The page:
THE leader of the Scottish Bar, Nigel Emslie, QC, was installed as a judge yesterday, completing a legal dynasty of Emslies on the Scottish bench.

The dean of the faculty of advocates took the judicial title of Lord Emslie, following in the footsteps of his father who was lord justice general and lord president of the Court of Session, Scotland's senior judge, for 17 years until he retired in 1989.

Mr Emslie's younger brother, Derek, became a judge in 1997 as Lord Kingarth, and it was assumed then that the ''Emslie'' judicial title was being reserved for the elder brother.

Normally judicial installations are conducted by the lord president of the day but Downing Street has so far failed to announce a successor to Lord Rodger, who has resigned to become an appeal judge in the House of Lords.

At yesterday's installation at Parliament House in Edinburgh, Lord Cullen, the lord justice clerk, presided over a bench of 14 judges and Mr Emslie's father was present to watch the ceremony.

The new judge has been an advocate since 1972, became a QC in 1983, and has been dean of faculty since 1997. He has been appointed to fill the vacancy caused by the retirement of Lord Prosser.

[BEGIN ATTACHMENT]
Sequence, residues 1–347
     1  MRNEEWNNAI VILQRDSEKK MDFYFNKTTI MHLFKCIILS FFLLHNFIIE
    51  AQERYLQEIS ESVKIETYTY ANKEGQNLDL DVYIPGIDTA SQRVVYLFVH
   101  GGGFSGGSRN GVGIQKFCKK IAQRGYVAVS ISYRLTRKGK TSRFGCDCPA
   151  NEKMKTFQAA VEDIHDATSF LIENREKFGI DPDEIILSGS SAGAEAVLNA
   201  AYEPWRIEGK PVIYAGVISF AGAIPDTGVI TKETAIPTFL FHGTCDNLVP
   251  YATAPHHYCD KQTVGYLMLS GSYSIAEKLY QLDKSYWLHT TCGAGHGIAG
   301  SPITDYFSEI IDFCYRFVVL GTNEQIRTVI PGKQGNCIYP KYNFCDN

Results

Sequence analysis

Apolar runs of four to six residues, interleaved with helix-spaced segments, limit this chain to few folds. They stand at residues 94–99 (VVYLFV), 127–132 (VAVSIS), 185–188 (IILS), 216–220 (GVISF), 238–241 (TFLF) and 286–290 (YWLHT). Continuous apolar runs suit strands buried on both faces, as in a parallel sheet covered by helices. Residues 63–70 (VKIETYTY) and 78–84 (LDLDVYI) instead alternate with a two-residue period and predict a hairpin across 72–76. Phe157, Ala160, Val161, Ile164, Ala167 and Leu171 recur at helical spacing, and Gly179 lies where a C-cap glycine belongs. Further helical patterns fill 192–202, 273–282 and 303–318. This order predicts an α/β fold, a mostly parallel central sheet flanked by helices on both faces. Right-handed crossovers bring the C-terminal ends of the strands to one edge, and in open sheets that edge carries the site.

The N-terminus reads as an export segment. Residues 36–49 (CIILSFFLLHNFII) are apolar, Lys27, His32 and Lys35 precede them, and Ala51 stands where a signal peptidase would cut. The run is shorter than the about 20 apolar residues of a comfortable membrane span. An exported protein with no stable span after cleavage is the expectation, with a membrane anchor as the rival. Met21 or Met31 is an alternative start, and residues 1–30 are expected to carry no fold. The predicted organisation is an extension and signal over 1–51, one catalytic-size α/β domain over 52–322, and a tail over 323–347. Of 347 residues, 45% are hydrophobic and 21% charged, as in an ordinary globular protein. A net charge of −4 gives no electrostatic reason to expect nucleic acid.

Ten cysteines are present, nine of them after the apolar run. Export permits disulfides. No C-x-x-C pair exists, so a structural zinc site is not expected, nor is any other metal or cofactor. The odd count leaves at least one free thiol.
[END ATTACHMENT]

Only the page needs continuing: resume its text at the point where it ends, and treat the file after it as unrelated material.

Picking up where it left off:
Apart from the top two jobs of lord president and lord justice clerk, Scottish judges are now appointed by the Queen on the recommendation of Henry McLeish, the first minister, who takes into account the report of a selection board.

The selection board comprised Lord Coulsfield and Lord Sutherland (two of the Lockerbie judges), Christine Davis, former chairman of the Scottish legal aid board, and JD Gallagher, head of the Scottish Executive justice department.

The appointment of the dean of the faculty of advocates, Mr Nigel Emslie, QC, as a judge has left a vacancy for the job of

leader of the Scottish bar.

The person to fill the post, much sought after as, apart from its prestige, it is invariably a stepping stone to the bench, will be elected by his or her colleagues at the bar.